A glance inward on cybersecurity inadequacy


computer_s640x427The usual focus of cybersecurity efforts on external threats to an  organization and its mission overlooks the central, powerful danger – the inside  threat.

“Corporations don’t take their internal security as seriously as they  should,” explains Alex McGeorge, senior security researcher at Florida-based Immunity,  a provider of specialized offensive information technologies.

McGeorge goes on to emphasize the importance of protecting a corporation from  internal threats, explaining, “The attack surface inside of a network is always  greater than outside, when you expose that kind of surface to anyone the  potential for damage is higher and the potential for detection is lower. With  very few exceptions it isn’t difficult to get on the inside of a corporate  network if you’re physically proximate to the corporation.”

A new survey titled ‘Boardroom Cyber Watch 2013,’ conducted as an  online survey by IT Governance, indicates that the outside threat-centric focus  of organizations fails to provide a holistic security posturing, specifically  from the threat within.

The survey notes:

  • More than half of respondents say that the greatest threat to their  company’s data and computer systems in fact comes from their own employees.
  • A quarter of respondents say their organization has received a concerted  attack in the past 12 months. However, the true total may be higher, as over 20  percent are unsure if their organization has been subject to an  attack.

Compounding these survey results is the reality that these numbers likely  belittle the true extent of the problem at hand.

“The survey asking if respondents have been the target of a concerted cyber  attack within the last 12 months is interesting in that it exposes the naïveté  of the participants,” explains McGeorge, who in addition to being a senior  security researcher, has an extensive background in systems administration and  network and security engineering.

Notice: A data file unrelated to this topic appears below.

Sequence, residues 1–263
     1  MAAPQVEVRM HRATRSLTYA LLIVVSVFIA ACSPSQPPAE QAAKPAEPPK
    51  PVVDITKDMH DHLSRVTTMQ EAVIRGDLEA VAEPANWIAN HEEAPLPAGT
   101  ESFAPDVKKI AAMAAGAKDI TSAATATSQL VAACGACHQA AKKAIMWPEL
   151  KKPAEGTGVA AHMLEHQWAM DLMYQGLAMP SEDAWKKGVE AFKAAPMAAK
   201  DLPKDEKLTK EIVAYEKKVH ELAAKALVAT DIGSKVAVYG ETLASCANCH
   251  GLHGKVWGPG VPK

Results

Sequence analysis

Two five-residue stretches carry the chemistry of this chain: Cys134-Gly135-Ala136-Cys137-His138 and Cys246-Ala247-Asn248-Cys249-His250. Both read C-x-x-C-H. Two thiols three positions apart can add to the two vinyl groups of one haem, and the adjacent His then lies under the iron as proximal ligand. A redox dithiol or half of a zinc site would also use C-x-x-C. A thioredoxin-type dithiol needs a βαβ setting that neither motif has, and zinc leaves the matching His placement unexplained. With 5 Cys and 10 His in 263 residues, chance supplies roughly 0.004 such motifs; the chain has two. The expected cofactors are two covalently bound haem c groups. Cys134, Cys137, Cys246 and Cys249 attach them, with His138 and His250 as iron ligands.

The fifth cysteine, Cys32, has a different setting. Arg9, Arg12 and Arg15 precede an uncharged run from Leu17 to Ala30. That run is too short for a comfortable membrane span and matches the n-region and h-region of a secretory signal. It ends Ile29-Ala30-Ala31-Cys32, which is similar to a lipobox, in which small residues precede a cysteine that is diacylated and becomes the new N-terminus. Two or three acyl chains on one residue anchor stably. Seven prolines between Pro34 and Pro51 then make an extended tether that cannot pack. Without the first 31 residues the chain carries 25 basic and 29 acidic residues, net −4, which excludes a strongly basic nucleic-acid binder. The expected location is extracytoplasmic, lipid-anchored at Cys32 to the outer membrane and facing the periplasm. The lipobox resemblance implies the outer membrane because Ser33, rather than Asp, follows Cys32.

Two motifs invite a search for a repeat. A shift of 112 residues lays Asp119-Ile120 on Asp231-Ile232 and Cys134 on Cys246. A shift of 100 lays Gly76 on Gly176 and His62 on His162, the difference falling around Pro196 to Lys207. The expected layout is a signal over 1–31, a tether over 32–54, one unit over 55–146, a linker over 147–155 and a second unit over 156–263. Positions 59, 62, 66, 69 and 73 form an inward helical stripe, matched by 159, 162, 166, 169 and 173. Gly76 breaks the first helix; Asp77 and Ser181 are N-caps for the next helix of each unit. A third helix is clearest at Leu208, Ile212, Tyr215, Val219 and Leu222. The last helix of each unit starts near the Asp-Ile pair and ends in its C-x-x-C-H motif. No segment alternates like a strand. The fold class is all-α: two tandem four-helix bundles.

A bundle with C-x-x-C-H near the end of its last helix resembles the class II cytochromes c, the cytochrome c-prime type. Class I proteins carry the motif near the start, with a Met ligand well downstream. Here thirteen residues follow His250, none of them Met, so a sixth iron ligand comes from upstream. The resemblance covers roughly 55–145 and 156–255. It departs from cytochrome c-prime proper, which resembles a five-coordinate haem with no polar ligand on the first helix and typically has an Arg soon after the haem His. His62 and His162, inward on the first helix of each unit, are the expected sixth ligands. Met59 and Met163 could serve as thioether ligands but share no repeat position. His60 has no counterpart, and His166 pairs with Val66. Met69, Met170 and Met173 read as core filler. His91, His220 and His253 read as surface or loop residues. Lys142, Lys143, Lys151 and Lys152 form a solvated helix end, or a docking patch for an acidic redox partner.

“The reality is that for an organization of any reasonable size, say over 100  people, someone in that organization has been compromised within the last 12  months. Given what we know about how humans use computers and how bad they are  at compartmentalizing that usage, we can safely say that business relevant data  was exposed.”

The ‘safe’ assumption that McGeorge observes indicating that the level of  corporate information exposed by internal employees demonstrates that  supposition and reality are clearly not aligned. Undeniably, it’s a far cry from  the mere 25 percent of participants in the IT Governance survey who acknowledge  a yearly cyber attack.

James Thomas, an analyst at Fairfax-based Information Security Society, underscores McGeorge’s  observations and the results of the IT Governance survey regarding insider  threats with tangible statistics.  Thomas notes, “In 2012, of all the  reported large scale corporate and government breaches, roughly two-thirds of  those with an accounted for cause were attributable to insider threats,  including insider theft, negligence, data on the move, and sub-contractors,”  adding, “Only 27.4% of the reported breaches were known to be attributable to  external threats.”

It seems clear and in accordance with the preponderance of evidence,  including the new survey results, that the centrality of the insider threats  remains a largely unaddressed vulnerability with the business cost factors  increasing and the threat elusively ubiquitous.

To compound matters and reaffirm the substantive notion of the insider threat  is the final parting takeaway that reminds us that the challenge remains, as it  has for years – largely underappreciated and inadequately addressed.   Nevertheless, understanding the landscape of the insider threat and the  frequency of cyber attacks is only the beginning. The misallocation of corporate  funds has clear repercussions and implications for an organization’s customer  base and primary clientele.

To that end and to make matters worse, the failure to accurately understand  the cyber threat both externally and internally has led to the poor allocation  of funds within organizations. In fact, as the IT Governance survey purports,  “over 40% of respondents say their company is either making the wrong level of  investment in information security or are unsure if their investment is  appropriate.”

In the end, the targets and those most likely to fall prey to insider threats  are not only failing to act; they are acting ineffectually. It would appear that  the inept are leading the blind and the insider is poised to continue to pilfer  and plunder unabated in near perpetuity

To read other articles from the Washington Times Communities, please visit HERE.

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